The overall objective of this research was to propose a developmental model of manufacture and use of vermicompost to minimize spending on agricultural inputs, improve the fertility of the soil in the long term, and increase household incomes. The corresponding specific objectives were (i) to characterize the agricultural practices of farmers in the Rural Municipality of Ambohimanambola; (ii) to determine the socio-economic benefits of using vermicompost; and (iii) to determine the conditions for developing the use of vermicompost among farmers.
The hypotheses to be tested were: (i) farmers using vermicompost have better crop production than by fertilization with other modes; (ii) the use of vermicompost reduces spending on agricultural inputs and increase farmers’ incomes; and (iii) the lack of information and awareness of farmers inhibits further developing the use of vermicompost.

2. Experimental Section

2.1. Materials

2.1.1. Study Area

The research was carried out in the Rural Municipality of Ambohimanambola, the District of Antananarivo Avaradrano, Analamanga Region, Madagascar. It included 2228 households that are in 10 villages, each having their own characteristics. The majority of people (85%) are devoted mainly to agriculture. The leading producers of vermicompost in Madagascar are in this area, grouped in the TATA association, whose headquarters is located in this rural municipality.

2.1.2. Data Collection

The documentation collected revolved around the following themes: (i) analysis of farmers’ fertilization practices; (ii) all work addressing the practice of vermicomposting; and (iii) all of the work already carried out on the use of vermicompost. Interviews were conducted with: (i) the President and the trainers of the TATA association; (ii) the authorities responsible for the Rural Municipality of Ambohimanambola; and (iii) 5 leaders of the respondents in each village. A survey of farmers produced all of the data for the study through a questionnaire. It was conducted among 60 of 928 households in 5 villages of the 10 selected according to their fertilization practices. A focus group was also conducted with households who are members of the TATA association. It was designed to obtain information about their opinions, attitudes and experiences or to explain their expectations about the intervention.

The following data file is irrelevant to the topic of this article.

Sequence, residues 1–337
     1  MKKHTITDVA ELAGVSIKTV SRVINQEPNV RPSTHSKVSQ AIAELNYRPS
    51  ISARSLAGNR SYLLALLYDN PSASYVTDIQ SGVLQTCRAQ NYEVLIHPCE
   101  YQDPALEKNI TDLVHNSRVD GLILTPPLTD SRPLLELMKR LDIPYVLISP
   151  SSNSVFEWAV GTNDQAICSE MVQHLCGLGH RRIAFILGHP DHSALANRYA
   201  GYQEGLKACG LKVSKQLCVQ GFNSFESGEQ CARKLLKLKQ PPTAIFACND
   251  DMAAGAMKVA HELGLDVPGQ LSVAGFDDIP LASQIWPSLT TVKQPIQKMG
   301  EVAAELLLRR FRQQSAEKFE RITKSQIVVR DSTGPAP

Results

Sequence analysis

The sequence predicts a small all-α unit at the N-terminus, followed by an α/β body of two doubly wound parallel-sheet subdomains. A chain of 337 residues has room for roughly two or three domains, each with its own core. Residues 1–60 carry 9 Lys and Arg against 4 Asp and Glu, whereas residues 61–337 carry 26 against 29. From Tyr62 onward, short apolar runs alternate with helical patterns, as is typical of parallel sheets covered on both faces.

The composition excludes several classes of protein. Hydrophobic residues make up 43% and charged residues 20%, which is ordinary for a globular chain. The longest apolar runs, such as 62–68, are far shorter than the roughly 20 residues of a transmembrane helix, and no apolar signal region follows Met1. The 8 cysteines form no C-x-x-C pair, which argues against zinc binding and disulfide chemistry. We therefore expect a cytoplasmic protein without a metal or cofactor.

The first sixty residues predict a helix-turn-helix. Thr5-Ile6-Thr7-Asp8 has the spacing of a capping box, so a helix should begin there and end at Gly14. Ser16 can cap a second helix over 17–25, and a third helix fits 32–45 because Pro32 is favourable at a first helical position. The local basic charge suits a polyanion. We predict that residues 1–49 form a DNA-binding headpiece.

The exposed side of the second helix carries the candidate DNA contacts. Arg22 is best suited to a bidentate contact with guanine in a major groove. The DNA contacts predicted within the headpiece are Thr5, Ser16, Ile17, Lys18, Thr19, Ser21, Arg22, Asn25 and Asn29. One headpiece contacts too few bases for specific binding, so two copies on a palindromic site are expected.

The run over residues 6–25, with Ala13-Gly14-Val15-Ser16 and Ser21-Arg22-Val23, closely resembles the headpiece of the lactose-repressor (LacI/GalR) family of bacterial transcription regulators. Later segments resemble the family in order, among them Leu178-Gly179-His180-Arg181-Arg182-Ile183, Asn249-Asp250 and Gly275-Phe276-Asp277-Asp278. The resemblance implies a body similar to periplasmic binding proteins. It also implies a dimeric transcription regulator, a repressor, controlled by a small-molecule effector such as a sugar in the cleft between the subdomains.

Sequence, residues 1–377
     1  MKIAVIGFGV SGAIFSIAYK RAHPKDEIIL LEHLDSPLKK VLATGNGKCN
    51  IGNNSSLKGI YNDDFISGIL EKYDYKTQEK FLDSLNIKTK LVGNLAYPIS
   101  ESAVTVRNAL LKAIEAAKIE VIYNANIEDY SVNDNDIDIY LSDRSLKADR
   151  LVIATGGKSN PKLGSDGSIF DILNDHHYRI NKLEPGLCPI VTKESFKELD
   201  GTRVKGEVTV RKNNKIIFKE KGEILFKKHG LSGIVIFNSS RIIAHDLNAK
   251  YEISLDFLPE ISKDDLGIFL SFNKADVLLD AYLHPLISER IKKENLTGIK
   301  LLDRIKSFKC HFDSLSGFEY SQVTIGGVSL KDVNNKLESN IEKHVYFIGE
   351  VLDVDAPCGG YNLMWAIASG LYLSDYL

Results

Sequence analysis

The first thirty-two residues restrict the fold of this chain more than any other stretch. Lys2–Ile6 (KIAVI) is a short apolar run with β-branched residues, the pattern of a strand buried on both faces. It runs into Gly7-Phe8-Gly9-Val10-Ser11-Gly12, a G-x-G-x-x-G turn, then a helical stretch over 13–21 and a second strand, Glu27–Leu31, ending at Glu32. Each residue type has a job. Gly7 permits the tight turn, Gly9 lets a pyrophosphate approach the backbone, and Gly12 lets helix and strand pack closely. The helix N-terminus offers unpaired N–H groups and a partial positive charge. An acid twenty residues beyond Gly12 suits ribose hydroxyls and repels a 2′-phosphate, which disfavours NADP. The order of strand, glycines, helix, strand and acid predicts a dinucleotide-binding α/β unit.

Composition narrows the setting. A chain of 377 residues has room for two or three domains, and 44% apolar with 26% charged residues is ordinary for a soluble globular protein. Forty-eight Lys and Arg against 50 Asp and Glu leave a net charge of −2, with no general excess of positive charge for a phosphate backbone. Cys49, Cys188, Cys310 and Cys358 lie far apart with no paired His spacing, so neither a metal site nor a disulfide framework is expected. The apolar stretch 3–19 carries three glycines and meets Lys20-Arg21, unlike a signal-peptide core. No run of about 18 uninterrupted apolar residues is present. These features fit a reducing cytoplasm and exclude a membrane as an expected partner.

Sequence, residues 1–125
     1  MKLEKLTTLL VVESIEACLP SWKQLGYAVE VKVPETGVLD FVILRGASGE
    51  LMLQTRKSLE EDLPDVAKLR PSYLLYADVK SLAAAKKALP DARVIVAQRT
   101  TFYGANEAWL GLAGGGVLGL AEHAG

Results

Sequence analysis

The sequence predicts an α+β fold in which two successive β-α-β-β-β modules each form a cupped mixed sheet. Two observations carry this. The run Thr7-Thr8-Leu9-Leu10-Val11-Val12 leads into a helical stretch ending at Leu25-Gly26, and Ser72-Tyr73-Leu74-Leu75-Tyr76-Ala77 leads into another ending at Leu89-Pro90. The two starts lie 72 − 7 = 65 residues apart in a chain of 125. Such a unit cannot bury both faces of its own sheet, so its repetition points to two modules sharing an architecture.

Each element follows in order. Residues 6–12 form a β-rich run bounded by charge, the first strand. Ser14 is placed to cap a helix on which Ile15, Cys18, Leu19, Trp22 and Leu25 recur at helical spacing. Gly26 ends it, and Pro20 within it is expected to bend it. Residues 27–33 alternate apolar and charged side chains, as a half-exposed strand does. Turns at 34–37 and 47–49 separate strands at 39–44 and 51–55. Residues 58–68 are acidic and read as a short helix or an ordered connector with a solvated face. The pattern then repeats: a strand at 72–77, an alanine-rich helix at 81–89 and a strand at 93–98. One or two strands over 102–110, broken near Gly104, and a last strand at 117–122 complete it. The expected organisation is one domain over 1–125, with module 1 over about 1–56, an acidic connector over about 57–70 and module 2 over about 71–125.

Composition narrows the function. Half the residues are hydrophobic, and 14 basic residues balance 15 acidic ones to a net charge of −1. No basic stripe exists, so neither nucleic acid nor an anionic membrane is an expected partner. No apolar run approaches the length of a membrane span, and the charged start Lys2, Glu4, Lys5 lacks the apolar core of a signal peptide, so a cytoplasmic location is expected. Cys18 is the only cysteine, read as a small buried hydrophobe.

2.2. Methods

2.2.1. Typology

A typology of farms was used to identify and differentiate them, using data from the surveyed farms about their practices and procedures. Successful differentiation criteria were based on the production system, inputs, production activities, and non-agricultural activities. The results of the questionnaire from the 60 households were used to perform a multivariate analysis with XLSTAT software (Addinsoft, Paris, France). Four methods of analysis were selected: Agglomerative Hierarchical Clustering (AHC), k-means clustering, Discriminant Analysis (DA) with an analysis of variance, and Multiple Correspondence Analysis (MCA).

2.2.2. Identification of Socio-Economic Performance of Rural Vermicomposting

The profitability of fertilizer use was analyzed in two stages. First, a socio-economic analysis of the production of vermicompost focused on evaluation of the time required for making vermicompost, assuming that farmers made their own. It was important to identify the cost in Malagasy ariary (1$ = 2000 ariary (2012 average)) per kg vermicompost, and the Internal Rate of Return, or IRR, of investment using a Simulation Test, or TSIM, in XLSTAT. Second, a comparative analysis between the treatment group, composed of farmers using vermicompost, and other types of fertilization and/or other modes was performed. In the Discriminant Analysis, a Wilks’ Lambda test was done to determine if the averages of the types statistically differed. Comparative criteria were based on fertilizer prices in ariary/kg, comparing costs of fertilizers and the yields acquired, costs of agricultural inputs, and the impact of the fertilization methods with total income of the operator.